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Fort Hood shootings were terrorism, says Senate Armed Services Committee chair Carl Levin

November 21, 2009 |  3:52 am

Sen. Carl Levin, the Michigan Democrat who heads the powerful Senate Armed Services Committee, which will investigate the deadly Ft. Hood shootings, calls them an act of terrorism.

Although some officials, including fellow Democrat President Obama in the early post-shooting hours, have urged caution in characterizing the shocking shootings that caused the deaths of 13 and wounding of 29 on the Texas Army base, Levin tells C-SPAN's "Newsmakers" program in a taped interview, "It sure looks like that." Nidal Malik Hasan, accused Ft. Hood shooter

Levin has already been briefed by investigators.

The Ticket has obtained video excerpts (see below) of the cable program to be broadcast Sunday at 7 a.m. Pacific time (10 a.m. Eastern).

Today the man accused of the Nov. 5 killings, Maj. Nidal Malik Hasan, will undergo a pretrial confinement hearing in Killeen, Texas, at his bedside in a heavily guarded hospital room.

The precise schedule for the unusual hearing is unannounced for security reasons, but prosecutors seek a judicial ruling that their existing pretrial confinement is appropriate. They have announced they will seek the death penalty in this case.

Hasan's civilian attorney, John Galligan, says he will argue that proceedings are moving too hastily.

On the C-SPAN video, Levin says the Armed Services Committee is undergoing briefings by military investigators and has two more scheduled. When they are completed, he says, he will schedule full Senate committee hearings on the military aspect of the deadly fusillade that broke out on the military base and shocked the nation with soldiers being killed allegedly by another soldier, a Muslim officer.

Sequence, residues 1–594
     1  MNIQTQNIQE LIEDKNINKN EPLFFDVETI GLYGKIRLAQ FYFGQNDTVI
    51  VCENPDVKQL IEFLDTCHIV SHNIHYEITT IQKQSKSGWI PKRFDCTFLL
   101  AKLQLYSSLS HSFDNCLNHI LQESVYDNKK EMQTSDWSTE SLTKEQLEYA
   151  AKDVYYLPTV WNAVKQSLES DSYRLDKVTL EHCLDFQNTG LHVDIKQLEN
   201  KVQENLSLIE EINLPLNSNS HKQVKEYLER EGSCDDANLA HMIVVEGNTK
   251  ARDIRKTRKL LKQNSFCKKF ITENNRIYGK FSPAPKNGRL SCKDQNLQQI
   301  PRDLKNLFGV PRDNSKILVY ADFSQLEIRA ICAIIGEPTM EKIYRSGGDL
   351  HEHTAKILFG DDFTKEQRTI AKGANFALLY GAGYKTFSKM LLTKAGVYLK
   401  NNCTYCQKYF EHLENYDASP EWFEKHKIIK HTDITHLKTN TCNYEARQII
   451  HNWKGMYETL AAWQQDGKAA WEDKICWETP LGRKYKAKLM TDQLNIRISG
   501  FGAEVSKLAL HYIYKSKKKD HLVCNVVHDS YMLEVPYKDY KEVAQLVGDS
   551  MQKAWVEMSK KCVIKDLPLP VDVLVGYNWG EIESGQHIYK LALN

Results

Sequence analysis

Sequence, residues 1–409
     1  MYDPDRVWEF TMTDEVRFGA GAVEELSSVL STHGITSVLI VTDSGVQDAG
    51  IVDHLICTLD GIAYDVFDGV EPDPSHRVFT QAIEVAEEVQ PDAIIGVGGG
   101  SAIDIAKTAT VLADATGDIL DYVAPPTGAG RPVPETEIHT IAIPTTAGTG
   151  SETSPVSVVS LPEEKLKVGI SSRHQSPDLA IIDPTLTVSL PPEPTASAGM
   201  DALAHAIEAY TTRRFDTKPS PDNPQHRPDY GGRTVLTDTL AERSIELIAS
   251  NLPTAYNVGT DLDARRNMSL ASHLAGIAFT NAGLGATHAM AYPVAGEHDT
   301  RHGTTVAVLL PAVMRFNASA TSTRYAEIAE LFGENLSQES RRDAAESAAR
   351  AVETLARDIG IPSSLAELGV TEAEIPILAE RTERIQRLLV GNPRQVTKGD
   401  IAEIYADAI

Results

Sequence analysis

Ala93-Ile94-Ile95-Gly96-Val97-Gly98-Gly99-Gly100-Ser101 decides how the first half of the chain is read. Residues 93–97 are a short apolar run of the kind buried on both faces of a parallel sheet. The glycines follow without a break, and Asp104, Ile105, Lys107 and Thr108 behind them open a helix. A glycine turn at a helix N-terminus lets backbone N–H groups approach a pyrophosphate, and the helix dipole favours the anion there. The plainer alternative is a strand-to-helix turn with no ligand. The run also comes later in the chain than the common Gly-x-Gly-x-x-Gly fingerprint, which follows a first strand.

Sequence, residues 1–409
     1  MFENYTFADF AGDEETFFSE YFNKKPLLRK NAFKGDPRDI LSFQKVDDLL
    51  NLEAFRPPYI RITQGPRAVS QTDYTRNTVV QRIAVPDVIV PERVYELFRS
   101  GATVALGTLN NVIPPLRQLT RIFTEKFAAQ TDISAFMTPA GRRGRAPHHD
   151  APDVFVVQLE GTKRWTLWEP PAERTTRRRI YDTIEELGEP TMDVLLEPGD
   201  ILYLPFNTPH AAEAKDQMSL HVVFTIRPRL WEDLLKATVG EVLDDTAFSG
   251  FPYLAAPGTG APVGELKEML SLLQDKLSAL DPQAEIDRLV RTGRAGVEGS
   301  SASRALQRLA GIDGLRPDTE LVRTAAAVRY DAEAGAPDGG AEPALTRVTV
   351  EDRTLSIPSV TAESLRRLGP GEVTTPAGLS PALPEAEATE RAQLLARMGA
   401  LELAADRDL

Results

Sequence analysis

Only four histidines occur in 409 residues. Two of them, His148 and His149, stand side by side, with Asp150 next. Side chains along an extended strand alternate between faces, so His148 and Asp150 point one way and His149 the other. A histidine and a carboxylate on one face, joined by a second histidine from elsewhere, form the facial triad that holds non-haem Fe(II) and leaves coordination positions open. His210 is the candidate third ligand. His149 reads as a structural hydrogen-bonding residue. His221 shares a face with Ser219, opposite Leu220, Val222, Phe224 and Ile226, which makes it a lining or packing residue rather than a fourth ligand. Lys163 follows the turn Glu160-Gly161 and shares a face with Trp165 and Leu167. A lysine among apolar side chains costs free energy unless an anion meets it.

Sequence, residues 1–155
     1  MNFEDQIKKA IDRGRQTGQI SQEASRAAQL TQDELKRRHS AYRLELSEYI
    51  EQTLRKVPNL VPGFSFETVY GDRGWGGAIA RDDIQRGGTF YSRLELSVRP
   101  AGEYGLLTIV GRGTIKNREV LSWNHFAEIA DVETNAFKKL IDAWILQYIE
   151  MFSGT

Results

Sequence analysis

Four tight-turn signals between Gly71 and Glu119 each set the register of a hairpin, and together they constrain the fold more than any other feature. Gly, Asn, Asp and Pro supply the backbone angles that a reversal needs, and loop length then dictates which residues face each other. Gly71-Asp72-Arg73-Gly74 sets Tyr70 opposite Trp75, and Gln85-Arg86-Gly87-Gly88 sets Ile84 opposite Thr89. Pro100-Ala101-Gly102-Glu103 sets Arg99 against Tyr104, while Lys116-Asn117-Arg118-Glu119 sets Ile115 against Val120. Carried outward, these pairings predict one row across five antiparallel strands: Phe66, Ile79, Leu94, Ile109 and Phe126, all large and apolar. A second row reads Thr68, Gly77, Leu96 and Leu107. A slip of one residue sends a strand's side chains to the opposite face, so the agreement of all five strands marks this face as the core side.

Americans themselves apparently have mixed feelings over characterizing the rampage as terrorism. A Fox News poll released Friday found that 49% of those interviewed preferred to describe the incident as "a killing spree" and that 44% thought "act of terrorism" was more accurate.

The older the respondent, the more likely he or she was to call it terrorism.

Forty-five percent believe the outburst involved the shooter mentally snapping, and 38% consider him a Muslim extremist protesting American foreign policies.

Levin said his committee would be careful in its hearing to avoid complicating either the military investigation or the upcoming prosecution. But he said he intends to pursue all leads, including such questions as why e-mails between Hasan and a radical Muslim cleric in Yemen were not taken more seriously by federal anti-terrorism investigators who knew of them before Nov. 5.

But even before those hearings, Levin added, "I'm not uncomfortable with thinking that's [terrorism] the likely outcome here and a likely accurate description."

-- Andrew Malcolm

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Photo credit: U.S. Army